r 0.137 g 0.157 b 0.196 a 1.0,
r 0.216 g 0.236 b 0.278 a 1.0,
r 0.296 g 0.316 b 0.361 a 1.0,
r 0.375 g 0.396 b 0.443 a 1.0,
r 0.455 g 0.475 b 0.525 a 1.0
]
``````

# SwiftUI

``````extension Color {

var components: (r: Double, g: Double, b: Double, o: Double)? {
let uiColor: UIColor

var r: CGFloat = 0
var g: CGFloat = 0
var b: CGFloat = 0
var o: CGFloat = 0

if self.description.contains("NamedColor") {
let lowerBound = self.description.range(of: "name: \"")!.upperBound
let upperBound = self.description.range(of: "\", bundle")!.lowerBound
let assetsName = String(self.description[lowerBound..<upperBound])

uiColor = UIColor(named: assetsName)!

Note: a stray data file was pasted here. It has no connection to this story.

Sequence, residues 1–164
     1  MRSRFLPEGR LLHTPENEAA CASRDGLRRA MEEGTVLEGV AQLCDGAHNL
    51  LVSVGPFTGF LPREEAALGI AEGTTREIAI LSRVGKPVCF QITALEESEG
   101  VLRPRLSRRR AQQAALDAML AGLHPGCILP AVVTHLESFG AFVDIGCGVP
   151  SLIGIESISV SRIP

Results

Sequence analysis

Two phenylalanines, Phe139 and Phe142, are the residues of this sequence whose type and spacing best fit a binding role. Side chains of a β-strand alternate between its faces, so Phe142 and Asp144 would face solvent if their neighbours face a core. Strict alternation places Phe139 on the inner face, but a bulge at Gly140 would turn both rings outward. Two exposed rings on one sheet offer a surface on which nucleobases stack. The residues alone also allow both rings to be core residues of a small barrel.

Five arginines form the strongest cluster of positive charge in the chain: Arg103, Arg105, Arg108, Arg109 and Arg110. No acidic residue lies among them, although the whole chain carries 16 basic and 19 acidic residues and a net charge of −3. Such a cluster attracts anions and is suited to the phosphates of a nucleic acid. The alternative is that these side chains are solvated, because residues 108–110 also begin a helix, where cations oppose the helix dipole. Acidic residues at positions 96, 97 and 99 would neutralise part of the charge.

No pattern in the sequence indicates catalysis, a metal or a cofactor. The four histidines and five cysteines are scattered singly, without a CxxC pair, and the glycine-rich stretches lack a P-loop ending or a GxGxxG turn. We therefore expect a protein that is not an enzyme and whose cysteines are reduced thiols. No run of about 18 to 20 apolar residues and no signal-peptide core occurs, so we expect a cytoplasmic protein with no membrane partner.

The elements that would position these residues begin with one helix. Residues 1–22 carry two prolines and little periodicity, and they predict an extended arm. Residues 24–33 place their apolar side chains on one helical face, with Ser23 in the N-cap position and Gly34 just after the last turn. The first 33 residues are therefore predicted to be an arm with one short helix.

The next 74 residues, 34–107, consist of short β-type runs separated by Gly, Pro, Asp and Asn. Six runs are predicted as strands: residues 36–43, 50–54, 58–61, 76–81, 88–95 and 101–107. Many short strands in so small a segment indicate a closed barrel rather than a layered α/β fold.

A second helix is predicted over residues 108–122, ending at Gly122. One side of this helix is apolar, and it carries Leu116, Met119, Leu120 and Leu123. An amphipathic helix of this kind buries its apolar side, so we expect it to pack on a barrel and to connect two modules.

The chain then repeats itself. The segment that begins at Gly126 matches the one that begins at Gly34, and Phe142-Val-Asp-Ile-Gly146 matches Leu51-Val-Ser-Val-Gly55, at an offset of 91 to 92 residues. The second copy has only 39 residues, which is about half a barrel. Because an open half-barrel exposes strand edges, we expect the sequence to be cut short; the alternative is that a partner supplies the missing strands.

} else {
uiColor = UIColor(self)
}

guard uiColor.getRed(&r, green: &g, blue: &b, alpha: &o) else { return nil }

return (Double(r), Double(g), Double(b), Double(o))
}

func interpolateTo(color: Color, fraction: Double) -> Color {
let s = self.components!
let t = color.components!

let r: Double = s.r + (t.r - s.r) * fraction
let g: Double = s.g + (t.g - s.g) * fraction
let b: Double = s.b + (t.b - s.b) * fraction
let o: Double = s.o + (t.o - s.o) * fraction

return Color(red: r, green: g, blue: b, opacity: o)
}
}
``````

This would be a working example for `SwiftUI` with `Color` instead of `UIColor`. Note that I have considered assets color with light and dark appearance. A detailed explanation of why we have to use `UIColor(named:)` initializer instead can be found here.